Digital Etiquette to Teach Your Kids When They’re Young
It’s true that the modern generation is far more tech-savvy than we ever were around their age. Almost everything they do, from learning to leisure, can be done online. And as you know, the internet can be a dangerous place — there’s no shortage of online trolls and predators just waiting to create trouble… or worse.
You certainly don’t want your children to fall victim to cyberbullying or to discover they’re turning into bullies themselves. And it’s a parent’s worst nightmare even thinking about predators talking to their child online. So, just as vital it is to teach your kids digital etiquette and rules of safety in the offline world, teaching them how to be responsible cyber citizens is equally important (and perhaps more so!).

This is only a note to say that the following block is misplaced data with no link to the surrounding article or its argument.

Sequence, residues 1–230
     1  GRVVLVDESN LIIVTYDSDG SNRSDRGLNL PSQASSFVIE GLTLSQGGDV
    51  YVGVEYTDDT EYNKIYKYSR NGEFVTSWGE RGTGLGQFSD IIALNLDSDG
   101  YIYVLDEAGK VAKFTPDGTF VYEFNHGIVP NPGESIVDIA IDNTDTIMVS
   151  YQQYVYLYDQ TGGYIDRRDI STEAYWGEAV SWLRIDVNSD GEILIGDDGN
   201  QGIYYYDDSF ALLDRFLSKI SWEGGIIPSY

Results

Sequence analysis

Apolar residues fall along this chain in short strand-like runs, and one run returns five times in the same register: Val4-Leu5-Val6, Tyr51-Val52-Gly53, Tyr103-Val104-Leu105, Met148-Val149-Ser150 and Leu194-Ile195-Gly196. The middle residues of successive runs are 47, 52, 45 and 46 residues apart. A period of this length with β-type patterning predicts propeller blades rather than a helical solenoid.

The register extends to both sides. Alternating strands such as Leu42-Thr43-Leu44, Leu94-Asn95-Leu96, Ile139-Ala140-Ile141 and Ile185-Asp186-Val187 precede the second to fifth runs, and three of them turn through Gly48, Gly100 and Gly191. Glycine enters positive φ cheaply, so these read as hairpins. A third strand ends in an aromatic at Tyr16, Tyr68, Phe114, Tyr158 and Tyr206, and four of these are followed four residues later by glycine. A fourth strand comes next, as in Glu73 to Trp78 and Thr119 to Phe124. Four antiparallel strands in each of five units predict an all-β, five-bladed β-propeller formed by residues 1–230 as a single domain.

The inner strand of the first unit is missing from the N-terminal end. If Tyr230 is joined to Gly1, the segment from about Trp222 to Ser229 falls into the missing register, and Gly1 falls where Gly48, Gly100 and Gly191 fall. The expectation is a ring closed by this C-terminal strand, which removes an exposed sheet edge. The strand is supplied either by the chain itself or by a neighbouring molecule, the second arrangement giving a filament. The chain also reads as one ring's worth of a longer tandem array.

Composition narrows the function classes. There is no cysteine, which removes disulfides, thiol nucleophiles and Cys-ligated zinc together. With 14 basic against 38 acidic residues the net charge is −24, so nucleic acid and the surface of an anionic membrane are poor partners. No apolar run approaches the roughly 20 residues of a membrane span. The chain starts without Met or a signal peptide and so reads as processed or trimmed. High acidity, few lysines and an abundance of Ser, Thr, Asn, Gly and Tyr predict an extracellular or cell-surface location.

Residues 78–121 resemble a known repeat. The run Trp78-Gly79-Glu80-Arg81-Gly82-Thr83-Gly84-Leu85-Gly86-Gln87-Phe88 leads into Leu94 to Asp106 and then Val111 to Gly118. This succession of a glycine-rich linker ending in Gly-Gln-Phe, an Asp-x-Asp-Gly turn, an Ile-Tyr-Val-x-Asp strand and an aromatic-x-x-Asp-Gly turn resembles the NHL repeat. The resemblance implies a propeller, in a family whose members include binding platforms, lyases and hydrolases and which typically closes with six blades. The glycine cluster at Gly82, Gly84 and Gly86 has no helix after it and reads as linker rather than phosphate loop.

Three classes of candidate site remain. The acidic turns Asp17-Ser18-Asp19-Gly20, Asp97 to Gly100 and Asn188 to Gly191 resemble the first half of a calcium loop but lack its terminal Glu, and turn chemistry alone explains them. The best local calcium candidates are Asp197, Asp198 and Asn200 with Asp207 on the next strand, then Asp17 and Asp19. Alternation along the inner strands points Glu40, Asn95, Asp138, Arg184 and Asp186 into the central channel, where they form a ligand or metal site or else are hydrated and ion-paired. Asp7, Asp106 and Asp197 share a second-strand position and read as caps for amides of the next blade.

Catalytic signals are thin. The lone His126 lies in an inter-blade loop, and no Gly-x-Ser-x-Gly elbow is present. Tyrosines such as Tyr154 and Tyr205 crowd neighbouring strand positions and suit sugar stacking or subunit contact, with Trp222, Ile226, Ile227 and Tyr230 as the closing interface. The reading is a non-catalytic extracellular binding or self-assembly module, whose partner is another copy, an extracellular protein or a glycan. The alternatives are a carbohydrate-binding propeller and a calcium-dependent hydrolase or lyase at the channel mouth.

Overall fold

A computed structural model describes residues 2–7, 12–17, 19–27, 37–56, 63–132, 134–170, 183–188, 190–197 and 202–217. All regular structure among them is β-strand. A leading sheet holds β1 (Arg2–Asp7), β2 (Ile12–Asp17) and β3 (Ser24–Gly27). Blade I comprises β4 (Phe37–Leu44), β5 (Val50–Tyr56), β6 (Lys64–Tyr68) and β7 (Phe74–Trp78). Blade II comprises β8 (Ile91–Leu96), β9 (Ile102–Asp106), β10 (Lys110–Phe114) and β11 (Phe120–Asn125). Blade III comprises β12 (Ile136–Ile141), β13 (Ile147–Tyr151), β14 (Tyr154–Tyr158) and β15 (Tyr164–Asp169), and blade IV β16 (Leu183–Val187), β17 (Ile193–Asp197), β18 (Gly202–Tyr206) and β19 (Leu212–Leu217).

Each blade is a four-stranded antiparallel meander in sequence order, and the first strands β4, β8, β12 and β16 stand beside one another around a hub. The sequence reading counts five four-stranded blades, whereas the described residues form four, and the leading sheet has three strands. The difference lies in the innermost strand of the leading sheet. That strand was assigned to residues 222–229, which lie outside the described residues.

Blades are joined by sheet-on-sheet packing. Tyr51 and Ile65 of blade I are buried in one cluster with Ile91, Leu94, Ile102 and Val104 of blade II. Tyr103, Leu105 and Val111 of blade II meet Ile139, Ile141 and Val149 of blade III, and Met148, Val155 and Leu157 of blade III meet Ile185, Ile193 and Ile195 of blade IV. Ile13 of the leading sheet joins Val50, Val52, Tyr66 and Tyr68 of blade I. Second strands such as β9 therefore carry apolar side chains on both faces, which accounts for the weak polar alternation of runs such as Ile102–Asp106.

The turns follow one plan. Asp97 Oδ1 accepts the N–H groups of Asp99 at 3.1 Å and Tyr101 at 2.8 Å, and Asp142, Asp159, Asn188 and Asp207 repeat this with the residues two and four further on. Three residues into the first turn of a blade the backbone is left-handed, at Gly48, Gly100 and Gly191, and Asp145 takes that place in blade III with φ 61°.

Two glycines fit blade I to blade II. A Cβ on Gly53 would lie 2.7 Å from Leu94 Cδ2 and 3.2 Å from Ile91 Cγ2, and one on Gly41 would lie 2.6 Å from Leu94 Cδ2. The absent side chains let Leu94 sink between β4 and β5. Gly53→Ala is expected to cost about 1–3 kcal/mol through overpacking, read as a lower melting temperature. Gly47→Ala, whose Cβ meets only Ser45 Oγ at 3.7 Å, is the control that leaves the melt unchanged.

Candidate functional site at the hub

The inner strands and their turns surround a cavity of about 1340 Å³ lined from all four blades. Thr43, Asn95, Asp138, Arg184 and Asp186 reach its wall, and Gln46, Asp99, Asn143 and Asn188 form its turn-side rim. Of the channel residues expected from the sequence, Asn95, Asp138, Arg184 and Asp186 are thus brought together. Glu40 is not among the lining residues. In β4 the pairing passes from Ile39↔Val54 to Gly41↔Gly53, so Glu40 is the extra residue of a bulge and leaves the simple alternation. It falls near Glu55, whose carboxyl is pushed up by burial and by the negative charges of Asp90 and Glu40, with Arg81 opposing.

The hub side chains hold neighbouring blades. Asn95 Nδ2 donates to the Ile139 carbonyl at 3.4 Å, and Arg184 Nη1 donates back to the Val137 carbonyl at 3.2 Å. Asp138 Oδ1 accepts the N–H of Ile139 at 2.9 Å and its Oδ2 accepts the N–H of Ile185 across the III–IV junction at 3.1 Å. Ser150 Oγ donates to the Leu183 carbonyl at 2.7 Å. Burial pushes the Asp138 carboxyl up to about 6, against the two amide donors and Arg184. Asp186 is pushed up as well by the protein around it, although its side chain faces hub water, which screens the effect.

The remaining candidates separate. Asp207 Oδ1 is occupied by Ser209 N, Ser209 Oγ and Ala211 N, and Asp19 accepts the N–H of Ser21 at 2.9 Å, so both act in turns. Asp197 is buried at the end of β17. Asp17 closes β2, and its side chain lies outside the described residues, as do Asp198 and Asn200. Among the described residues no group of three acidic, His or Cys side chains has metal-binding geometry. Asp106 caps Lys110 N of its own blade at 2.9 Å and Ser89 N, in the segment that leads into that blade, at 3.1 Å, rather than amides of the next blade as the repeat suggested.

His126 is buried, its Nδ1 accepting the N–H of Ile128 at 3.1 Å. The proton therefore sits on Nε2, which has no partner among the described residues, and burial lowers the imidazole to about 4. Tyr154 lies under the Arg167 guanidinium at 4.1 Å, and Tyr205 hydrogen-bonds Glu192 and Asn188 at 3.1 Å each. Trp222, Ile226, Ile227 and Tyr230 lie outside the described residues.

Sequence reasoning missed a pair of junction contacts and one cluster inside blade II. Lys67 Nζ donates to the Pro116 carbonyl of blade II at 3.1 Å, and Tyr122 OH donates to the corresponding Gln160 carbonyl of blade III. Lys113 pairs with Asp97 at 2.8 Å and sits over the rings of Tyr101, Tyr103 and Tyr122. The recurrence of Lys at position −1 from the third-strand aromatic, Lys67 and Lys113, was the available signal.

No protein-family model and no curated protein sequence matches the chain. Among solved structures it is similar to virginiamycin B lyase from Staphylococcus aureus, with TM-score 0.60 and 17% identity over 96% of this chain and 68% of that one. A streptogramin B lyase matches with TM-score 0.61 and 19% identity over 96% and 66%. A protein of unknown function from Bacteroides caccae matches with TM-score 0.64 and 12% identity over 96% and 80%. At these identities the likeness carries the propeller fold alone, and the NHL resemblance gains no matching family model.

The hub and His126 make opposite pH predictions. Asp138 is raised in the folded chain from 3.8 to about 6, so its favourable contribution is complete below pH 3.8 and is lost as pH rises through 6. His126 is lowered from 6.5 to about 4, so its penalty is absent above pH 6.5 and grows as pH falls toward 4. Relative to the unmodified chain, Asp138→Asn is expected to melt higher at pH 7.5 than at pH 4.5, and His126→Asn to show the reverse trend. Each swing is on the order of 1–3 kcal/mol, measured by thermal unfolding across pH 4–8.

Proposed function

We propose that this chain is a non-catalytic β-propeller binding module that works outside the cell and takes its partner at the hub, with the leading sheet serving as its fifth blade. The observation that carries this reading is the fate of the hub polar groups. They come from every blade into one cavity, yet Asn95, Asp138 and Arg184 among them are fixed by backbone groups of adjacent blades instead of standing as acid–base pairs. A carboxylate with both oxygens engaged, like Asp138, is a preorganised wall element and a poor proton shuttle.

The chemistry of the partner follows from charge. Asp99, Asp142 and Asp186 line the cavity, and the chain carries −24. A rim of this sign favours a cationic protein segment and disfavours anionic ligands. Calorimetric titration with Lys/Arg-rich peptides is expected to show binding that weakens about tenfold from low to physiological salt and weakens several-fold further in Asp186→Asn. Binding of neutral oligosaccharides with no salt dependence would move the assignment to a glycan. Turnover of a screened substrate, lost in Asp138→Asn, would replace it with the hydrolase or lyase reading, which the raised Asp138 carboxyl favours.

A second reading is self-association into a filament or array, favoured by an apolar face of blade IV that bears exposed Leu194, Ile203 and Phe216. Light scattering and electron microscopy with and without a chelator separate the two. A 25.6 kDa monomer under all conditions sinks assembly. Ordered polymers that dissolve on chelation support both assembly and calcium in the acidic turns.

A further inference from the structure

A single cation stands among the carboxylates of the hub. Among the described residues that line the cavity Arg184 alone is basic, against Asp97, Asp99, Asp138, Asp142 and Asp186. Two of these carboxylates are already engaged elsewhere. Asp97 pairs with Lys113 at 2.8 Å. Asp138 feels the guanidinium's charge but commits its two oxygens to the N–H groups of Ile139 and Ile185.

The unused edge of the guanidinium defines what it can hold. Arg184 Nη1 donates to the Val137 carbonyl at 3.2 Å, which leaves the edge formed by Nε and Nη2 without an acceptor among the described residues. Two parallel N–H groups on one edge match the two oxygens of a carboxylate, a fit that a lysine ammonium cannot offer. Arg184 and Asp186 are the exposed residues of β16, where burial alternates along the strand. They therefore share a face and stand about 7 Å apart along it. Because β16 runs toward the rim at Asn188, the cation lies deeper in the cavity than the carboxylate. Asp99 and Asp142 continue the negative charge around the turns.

With this in mind, we’ve outlined five online behaviors to teach your kids when they’re still young. Consider this a crash course in online etiquette for the little ones in your life.
Keep Private Information Private
First and foremost, and it goes without saying, make sure your kids understand that private information should never be shared online.
Explain to them that things like their home address, phone number, social security number, bank account details, etc. are meant to be confidential, so they should never add such sensitive information to their social media accounts or share it anywhere online.
Also, things that are personal — such as thoughts and emotions — are best shared in person with family, not over the internet with strangers.